Things don’t always go as planned but for Michael Rault things went wrong for the better. After losing his studio living space, a series of failed attempts at a new record brought Rault to Daptone where his album would gain new life. We caught up with Rault on his North American tour to talk about his range of influences and how hockey commentary led to his album title.
Northern Transmissions: How did such a pop-focused producer like Wayne Gordon get involved and what do you feel like they brought to the album?
Michael Rault: Just because Wayne came up in the Daptone scene he’s always go one foot in the pop world. He’s done drums on “Uptown Funk” and worked on “Locked Out Of Heaven” with Bruno Mars as well. He’s also worked on a lot of rock n’ roll, but he’s brought in because he knows how to engineer very well for those pop artists. I’ve never worked with an engineer who is as talented and experienced as Wayne is. Having him and Gabriel Roth working on the record together was just a crazy experience.
NT: Looking at the nocturnal themes of the album, how did you feel like the night and how we act at night inspired you on this album?
MR: It just came about randomly, I hadn’t planned on making a theme around sleeping and dreaming until I had written a few songs about that. I saw the theme there and I started to explore it a little more consciously. I tend to write more from a subconscious place, so then I found the central theme that would work for the record.
NT: Also the title “It’s A New Day Tonight” came from a hockey commentary?
MR: I was watching some random game, I think it was the Senators. They had lost badly the night before and somebody on the team said, “We gotta put the past behind us, it’s a new day tonight.” I thought it was a really awkward way to say that, and then I thought it was a cool phrase about going out in the night time.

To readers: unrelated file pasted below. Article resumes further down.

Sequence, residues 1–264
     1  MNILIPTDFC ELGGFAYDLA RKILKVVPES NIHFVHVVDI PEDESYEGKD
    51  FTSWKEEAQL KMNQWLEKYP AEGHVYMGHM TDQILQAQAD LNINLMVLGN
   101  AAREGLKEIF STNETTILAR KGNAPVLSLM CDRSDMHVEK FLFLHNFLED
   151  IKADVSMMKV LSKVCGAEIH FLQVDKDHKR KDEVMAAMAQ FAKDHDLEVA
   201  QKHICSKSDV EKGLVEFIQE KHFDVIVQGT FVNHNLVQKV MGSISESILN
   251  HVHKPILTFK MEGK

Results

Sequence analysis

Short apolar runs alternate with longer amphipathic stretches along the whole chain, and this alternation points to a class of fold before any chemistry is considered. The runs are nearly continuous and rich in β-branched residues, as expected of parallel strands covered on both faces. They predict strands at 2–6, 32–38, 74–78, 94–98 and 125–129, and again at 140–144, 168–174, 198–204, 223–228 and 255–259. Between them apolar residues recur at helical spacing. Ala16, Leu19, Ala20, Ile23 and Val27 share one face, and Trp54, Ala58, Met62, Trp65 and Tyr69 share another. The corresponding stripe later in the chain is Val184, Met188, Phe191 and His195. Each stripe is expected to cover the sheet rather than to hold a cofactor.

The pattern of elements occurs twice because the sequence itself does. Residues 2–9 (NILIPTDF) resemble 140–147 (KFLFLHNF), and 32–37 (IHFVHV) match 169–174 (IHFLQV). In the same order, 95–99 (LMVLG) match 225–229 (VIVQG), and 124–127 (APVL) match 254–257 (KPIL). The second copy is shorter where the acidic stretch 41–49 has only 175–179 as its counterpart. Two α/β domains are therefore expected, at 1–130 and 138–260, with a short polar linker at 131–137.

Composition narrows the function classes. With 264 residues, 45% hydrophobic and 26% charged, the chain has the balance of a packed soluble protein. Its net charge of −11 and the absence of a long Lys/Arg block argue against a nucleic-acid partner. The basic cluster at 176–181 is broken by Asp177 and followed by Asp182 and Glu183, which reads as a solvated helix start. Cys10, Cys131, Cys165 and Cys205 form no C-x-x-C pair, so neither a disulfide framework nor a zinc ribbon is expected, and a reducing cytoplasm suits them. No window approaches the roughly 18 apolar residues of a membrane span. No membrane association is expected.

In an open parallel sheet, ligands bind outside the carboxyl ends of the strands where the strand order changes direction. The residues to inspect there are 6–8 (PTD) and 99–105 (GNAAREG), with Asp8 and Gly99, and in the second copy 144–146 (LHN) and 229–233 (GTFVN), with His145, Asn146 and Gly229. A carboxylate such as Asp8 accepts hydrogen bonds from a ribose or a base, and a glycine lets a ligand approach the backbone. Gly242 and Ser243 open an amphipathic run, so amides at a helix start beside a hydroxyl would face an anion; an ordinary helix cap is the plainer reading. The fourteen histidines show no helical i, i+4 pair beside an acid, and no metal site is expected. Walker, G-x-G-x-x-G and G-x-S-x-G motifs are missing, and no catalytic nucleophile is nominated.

NT: Considering the gap you had between records, why did you reportedly sit on releasing it for over two years?
MR: It wasn’t mostly done, but there delays along the way a lot. I’d finished the last record and by the time we’d put it out I’d already finished a new single. So I had been buying gear and I had a studio to make noise in, and I thought I would make the album really fast. I was telling everyone at SXSW that I would finish the record in 3 months. A lot of songs were mostly finished but then I got evicted after the tour, I had to move to Montreal because it was cheaper. I moved and didn’t have a studio, so I was trying to find somewhere to record. I made some terrible demos and decided to go to my cousin’s studio. That didn’t work out either, and then Wayne invited me over to Daptone after meeting him on tour with King Gizzard. I realized it made sense to record at a studio I’d admired for some time, and to work in a studio that was professional. I sent them some songs, and Wayne liked them enough that he suggested I put it out on Wick (Daptone). From there, Wayne became part of the process and we worked together.
NT: You’re one of the rare modern rock acts on Daptone, do you feel like the label influenced your ability to tap into these more vintage sounds?
MR: I think there was a lot of things that fed into the final vibe of the record that are just built into their style. They record analogue there and I had generally recorded digitally. I abandoned that, so I got a rhythm section to cut it live off the floor. Right there the analogue process was already producing a more organic feel. The room is great, the people are cool and the office people are mostly great musicians. All of the label members’ range of experience really just added a lot to the record.
NT: Your music blends ELO, McCartney and Zeppelin at times among other artists, so how do you balance this influence without going too far?
MR: I never sat down here trying to copy an artist, but I totally recognize the similarities as well. For the most part, music is music, and rhythm and harmony are all you work with. So with all these artists using the same elements it ends up having similarities. We did one European tour and I got back just burnt from touring, and I didn’t want to do too much concentrated writing. So I came up with a lot of riffs messing around in that time so that’s how a song like “Sitting Still” came about and then the rhythm section came about way later, and the lyrics even later. I think they avoid being derivative because of all that time and the fact that I’m not consciously copying anyone.
Words by Owen Maxwell